This knowledgeable group of super users provides invaluable help in 16 languages to more than 2 million users a year, about everything related to Search, Structured Data or Search Console in the forums.


And what is the profile of our community? Many of our Product Experts (Silver and Gold) are site owners who started out on the Webmaster forums (some more than a decade ago) by asking questions about their own sites. After their issues were fixed, most of them stayed to give back to the community, as they realized that their expertise could be of use to others. We want to thank all of our experts for their dedication and constant knowledge sharing to help users who are having trouble with their websites.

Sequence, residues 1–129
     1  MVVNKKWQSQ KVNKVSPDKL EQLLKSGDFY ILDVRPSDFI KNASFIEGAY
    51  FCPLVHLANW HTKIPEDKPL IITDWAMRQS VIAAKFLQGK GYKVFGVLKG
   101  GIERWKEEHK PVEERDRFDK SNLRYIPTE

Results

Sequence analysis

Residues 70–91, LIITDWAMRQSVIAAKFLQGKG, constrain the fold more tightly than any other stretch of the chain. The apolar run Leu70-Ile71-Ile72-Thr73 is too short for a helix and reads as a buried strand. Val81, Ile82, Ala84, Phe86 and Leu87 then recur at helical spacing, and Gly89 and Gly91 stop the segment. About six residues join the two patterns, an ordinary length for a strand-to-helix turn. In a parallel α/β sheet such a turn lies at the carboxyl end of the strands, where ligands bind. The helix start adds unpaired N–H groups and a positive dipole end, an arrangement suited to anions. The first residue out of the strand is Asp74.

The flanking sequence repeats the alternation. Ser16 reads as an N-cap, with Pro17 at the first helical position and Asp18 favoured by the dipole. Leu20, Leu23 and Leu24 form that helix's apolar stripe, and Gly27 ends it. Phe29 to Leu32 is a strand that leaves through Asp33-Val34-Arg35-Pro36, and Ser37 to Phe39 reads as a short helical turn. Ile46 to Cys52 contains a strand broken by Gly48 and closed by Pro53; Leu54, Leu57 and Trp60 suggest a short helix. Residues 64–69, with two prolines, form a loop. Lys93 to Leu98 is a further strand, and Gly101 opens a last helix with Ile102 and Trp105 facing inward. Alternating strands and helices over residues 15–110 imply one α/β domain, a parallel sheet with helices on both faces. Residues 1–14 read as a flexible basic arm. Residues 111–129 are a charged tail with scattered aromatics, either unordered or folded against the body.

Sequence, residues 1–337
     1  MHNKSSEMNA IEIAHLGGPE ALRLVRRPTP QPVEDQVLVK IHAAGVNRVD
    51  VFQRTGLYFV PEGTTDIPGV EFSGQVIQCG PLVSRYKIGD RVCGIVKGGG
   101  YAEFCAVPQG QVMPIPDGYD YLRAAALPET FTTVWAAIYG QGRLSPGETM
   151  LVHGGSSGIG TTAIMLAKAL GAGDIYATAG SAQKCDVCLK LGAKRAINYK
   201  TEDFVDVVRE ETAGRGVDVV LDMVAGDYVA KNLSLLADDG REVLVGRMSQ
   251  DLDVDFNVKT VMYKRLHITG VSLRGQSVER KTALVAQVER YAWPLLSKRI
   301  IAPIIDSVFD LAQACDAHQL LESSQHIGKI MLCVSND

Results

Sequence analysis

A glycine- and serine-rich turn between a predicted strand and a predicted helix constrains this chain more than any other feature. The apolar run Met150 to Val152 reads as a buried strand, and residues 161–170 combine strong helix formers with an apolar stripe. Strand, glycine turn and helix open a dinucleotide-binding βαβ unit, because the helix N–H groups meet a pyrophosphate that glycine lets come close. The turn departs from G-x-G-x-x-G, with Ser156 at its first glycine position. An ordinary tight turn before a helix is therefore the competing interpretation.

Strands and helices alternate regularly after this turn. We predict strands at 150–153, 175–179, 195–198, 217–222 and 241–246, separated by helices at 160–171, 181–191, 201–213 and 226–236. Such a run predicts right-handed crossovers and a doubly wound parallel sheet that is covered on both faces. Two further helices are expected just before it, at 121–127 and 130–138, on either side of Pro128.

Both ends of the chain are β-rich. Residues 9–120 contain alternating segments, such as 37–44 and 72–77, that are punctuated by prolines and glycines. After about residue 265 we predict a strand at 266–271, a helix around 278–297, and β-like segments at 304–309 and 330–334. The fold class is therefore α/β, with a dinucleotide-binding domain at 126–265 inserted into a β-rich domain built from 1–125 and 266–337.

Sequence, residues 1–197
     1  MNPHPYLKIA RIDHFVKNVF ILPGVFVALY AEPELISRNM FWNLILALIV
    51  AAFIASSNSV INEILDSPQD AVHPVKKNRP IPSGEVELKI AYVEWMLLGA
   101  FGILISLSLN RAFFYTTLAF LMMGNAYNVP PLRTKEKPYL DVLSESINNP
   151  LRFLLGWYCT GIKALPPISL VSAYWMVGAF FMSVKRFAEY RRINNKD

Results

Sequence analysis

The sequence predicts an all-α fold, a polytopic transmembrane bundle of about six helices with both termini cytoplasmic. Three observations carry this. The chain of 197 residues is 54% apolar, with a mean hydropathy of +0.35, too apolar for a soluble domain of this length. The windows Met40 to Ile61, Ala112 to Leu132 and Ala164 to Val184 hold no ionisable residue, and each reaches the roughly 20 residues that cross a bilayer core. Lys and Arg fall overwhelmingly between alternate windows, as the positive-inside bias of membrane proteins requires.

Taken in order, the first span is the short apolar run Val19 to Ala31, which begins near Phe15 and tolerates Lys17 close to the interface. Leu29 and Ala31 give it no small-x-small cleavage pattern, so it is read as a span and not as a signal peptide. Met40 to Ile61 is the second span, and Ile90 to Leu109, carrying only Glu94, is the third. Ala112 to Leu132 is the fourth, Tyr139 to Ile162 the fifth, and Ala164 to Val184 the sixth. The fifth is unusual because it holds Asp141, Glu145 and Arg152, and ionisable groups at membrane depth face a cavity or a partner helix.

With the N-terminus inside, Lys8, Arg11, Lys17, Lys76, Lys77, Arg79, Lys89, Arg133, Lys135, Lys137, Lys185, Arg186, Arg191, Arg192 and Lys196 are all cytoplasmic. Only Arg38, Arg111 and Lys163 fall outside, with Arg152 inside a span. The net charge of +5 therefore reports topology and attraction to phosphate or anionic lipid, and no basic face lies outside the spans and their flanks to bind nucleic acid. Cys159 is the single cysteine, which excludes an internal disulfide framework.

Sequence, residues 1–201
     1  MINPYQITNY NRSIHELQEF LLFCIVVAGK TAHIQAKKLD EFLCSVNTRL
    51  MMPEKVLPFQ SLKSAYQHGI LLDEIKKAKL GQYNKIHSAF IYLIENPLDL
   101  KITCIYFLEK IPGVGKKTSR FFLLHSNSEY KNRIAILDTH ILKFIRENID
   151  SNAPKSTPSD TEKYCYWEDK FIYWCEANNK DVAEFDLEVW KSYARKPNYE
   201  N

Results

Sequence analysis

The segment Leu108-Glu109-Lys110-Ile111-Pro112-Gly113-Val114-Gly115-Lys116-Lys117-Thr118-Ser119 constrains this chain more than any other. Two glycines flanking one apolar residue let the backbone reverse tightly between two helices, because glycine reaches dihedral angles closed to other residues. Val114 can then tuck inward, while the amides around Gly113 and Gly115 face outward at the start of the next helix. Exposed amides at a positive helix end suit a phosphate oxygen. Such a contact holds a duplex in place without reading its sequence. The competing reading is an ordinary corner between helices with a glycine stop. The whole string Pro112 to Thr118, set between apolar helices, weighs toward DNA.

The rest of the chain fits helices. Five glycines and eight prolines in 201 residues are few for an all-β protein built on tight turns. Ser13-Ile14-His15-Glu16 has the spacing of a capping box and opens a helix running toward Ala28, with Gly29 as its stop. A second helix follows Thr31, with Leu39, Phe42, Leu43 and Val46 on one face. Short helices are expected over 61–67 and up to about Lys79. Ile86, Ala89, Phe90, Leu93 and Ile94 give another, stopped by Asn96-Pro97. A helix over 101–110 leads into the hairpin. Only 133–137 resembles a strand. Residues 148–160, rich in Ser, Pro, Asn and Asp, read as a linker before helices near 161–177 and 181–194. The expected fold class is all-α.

Throughout the year, we’ve held 75 live office hours hangouts on the Webmaster YouTube channel, in English, Japanese, German, Hindi, French, and we’ve also kick started the calls in Spanish. On those hangouts, anyone can raise their questions to the Google team directly and interact with one another.


If you’re interested in joining the community, meeting everyone and helping other users on the Webmaster forums, you can learn more on the Product Experts program website. We are always excited to meet users from diverse backgrounds and skill-sets!


Looking forward to what 2019 will bring to our community... And looking forward to meeting you!




Written by Aurora Morales, Trust & Safety Outreach team

How we fought webspam – Webspam Report 2017